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Zotero’s range of item types and options for notes and attachments mean that data can be considerably more varied than the term ‘reference manager’ might initially suggest, and can encompass most of the research materials used and cited by scholars. In combination with a range of ways to export and re-use the data (built-in data export functions, translators, API, and even direct interaction with the SQLite database), this opens up a wide range of possibilities for digital scholarship.

Zoterify Websites

Using translators or embedded metadata to enable one-click import of references. The main differences between translators and metadata:

  • Anyone with a knowledge of Javascript can write a translator for any website - no access to backend is needed (though it might help)
  • Embedding metadata can be much more precise, but requires the ability to change the site’s source code

Translators [zotero]

Exposing your website metadata [zotero]

See also: Resources: Zoterifying a Website or Search Engine

Extending Zotero

There are (at least!) three approaches to this:

  • ad hoc personal solutions to particular needs
  • tools developed by the Zotero community to extend Zotero functionality
  • create databases and tools that hook up with Zotero’s functions via the API

Personal solutions

Exporting Zotero to Excel - involves directly querying the Zotero sqlite database; an alternative method might be to write a translator that would export the data you wanted in CSV format for import into Excel.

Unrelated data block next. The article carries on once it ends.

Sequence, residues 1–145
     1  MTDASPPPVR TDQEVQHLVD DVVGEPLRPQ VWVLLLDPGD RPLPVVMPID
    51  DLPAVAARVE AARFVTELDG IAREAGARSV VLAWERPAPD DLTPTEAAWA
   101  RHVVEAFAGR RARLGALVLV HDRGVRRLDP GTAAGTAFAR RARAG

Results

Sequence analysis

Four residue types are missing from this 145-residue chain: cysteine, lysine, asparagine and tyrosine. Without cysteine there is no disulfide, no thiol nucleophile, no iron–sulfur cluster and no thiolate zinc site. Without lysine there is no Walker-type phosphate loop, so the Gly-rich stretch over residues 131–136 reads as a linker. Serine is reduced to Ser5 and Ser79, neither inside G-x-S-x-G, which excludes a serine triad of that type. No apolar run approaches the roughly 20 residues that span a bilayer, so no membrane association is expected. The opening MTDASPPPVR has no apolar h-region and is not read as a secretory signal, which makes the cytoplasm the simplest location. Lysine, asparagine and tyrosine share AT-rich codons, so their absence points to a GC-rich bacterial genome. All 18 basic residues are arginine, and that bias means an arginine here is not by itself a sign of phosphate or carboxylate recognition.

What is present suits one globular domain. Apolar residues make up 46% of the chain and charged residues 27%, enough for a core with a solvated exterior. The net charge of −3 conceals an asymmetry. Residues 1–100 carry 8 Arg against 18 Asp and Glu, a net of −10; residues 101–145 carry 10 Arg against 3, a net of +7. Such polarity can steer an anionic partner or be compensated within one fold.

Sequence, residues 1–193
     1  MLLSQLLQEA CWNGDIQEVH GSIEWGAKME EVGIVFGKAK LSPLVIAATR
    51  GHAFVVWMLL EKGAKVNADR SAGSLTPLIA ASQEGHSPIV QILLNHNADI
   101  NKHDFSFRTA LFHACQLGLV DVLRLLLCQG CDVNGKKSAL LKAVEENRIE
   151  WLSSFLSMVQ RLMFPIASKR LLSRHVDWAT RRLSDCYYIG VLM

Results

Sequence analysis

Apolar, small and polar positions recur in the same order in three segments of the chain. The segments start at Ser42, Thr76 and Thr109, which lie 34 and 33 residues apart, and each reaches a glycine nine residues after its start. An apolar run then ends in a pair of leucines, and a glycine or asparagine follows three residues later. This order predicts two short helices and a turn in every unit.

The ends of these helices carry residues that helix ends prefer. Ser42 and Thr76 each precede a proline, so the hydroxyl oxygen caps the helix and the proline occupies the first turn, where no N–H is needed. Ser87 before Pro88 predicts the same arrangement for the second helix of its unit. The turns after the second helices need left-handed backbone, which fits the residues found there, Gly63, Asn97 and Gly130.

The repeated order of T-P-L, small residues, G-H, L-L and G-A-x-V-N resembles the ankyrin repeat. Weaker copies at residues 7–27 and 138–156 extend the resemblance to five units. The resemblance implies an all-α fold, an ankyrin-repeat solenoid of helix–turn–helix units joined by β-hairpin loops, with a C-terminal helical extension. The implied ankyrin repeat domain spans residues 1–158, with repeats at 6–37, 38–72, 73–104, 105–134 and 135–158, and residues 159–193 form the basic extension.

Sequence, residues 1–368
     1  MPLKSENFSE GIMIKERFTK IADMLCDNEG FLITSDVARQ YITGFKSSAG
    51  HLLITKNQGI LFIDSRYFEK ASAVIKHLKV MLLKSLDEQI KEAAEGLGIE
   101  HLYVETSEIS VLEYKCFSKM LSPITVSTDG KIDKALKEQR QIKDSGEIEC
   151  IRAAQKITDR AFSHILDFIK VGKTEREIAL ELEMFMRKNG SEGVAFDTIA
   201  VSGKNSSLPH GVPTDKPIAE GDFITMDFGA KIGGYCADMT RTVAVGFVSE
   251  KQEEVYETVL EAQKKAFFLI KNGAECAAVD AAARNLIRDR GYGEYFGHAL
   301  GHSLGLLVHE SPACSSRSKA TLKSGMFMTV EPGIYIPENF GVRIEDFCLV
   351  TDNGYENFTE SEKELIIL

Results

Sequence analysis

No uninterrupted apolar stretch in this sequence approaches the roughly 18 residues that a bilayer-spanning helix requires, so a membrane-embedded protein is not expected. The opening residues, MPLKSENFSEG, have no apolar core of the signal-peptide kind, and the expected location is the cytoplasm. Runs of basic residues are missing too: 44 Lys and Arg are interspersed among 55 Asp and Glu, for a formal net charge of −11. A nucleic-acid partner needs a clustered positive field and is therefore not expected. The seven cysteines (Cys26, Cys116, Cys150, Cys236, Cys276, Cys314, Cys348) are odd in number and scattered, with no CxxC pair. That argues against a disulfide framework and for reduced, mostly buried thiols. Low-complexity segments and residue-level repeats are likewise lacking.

Academic research/citation organization: Custom programming (plus Zotero) - a custom-built web application that uses Zotero for secondary storage.

Who am I? - export Zotero references in BibTex format, import into a data analysis tool for cleaning and normalization, and send to Gephi (a data visualisation tool) to produce a network graph of your research interests.

Add-ons

Zutilo - a utility that adds a number of small but often handy enhancements to the Zotero interface (Firefox-only).

Zotfile - very useful if you need to work with a lot of attachments: includes ability to rename and attach files, extract annotations from PDFs into notes, and more.

Fork Zotero

Multilingual Zotero (MLZ)

MLZ is much more than a plugin: it’s installed instead of ‘normal’ Zotero and provides major enhancements (eg, additional item types and metadata fields) specifically for multilingual data and legal scholars. A potential model for specialist uses in other fields.

Using the Zotero API

Serendip-o-matic - a “serendipity engine”. This tool takes text - including Zotero libraries - and analyses it for key terms, and then uses those terms to search a number of large online collections looking for items that are similar.

Zotpress - enables display of Zotero bibliographies on a Wordpress website.

Editors’ Notes - a “web-based tool for recording, organizing, preserving, and opening access to research notes, built with the needs of documentary editing projects, archives, and library special collections in mind”. This integrates with Zotero (using the Zotero API) for document collection and annotation.

Analysing and Visualising Data

Supercharge Your Zotero Library Using Paper Machines Pt. 1 and Pt. 2 - using the data analysis and visualisation plugin. (The plugin has evolved since this early post so some things it mentions may have changed.)

Timelines - this tool was developed by Massachusetts Institute of Technology (as part of “Simile” projects) and has been integrated into Zotero itself to visualise timelines in publications.

Data Mining with Criminal Intent - a Digging into Data project to bring together the Old Bailey Online, Zotero and the textmining suite of tools TaPOR (Voyant Tools).

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This page was last modified on March 17, 2014, at 07:29 AM